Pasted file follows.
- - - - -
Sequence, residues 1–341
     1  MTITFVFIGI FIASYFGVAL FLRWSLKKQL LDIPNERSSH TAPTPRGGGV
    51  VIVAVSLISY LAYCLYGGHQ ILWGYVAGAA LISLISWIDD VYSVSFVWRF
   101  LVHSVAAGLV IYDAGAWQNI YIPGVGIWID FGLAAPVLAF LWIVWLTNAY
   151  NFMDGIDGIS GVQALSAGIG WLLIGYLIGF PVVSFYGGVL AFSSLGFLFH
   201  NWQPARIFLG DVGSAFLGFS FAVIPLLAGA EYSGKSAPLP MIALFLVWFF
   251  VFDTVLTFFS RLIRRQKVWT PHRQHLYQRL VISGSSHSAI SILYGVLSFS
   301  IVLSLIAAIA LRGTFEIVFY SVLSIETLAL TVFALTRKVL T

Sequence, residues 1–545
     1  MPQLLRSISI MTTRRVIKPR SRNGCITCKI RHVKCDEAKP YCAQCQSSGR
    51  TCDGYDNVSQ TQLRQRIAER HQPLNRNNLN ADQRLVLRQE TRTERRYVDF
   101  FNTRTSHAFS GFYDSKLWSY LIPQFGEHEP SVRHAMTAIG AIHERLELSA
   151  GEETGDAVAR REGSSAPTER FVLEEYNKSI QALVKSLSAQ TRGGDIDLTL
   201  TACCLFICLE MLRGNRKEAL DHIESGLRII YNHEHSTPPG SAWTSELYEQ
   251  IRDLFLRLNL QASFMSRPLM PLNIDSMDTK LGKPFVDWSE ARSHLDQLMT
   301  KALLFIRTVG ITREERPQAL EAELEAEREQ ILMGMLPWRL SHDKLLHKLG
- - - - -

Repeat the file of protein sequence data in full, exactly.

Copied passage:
Sequence, residues 1–341
     1  MTITFVFIGI FIASYFGVAL FLRWSLKKQL LDIPNERSSH TAPTPRGGGV
    51  VIVAVSLISY LAYCLYGGHQ ILWGYVAGAA LISLISWIDD VYSVSFVWRF
   101  LVHSVAAGLV IYDAGAWQNI YIPGVGIWID FGLAAPVLAF LWIVWLTNAY
   151  NFMDGIDGIS GVQALSAGIG WLLIGYLIGF PVVSFYGGVL AFSSLGFLFH
   201  NWQPARIFLG DVGSAFLGFS FAVIPLLAGA EYSGKSAPLP MIALFLVWFF
   251  VFDTVLTFFS RLIRRQKVWT PHRQHLYQRL VISGSSHSAI SILYGVLSFS
   301  IVLSLIAAIA LRGTFEIVFY SVLSIETLAL TVFALTRKVL T

Sequence, residues 1–545
     1  MPQLLRSISI MTTRRVIKPR SRNGCITCKI RHVKCDEAKP YCAQCQSSGR
    51  TCDGYDNVSQ TQLRQRIAER HQPLNRNNLN ADQRLVLRQE TRTERRYVDF
   101  FNTRTSHAFS GFYDSKLWSY LIPQFGEHEP SVRHAMTAIG AIHERLELSA
   151  GEETGDAVAR REGSSAPTER FVLEEYNKSI QALVKSLSAQ TRGGDIDLTL
   201  TACCLFICLE MLRGNRKEAL DHIESGLRII YNHEHSTPPG SAWTSELYEQ
   251  IRDLFLRLNL QASFMSRPLM PLNIDSMDTK LGKPFVDWSE ARSHLDQLMT
   301  KALLFIRTVG ITREERPQAL EAELEAEREQ ILMGMLPWRL SHDKLLHKLG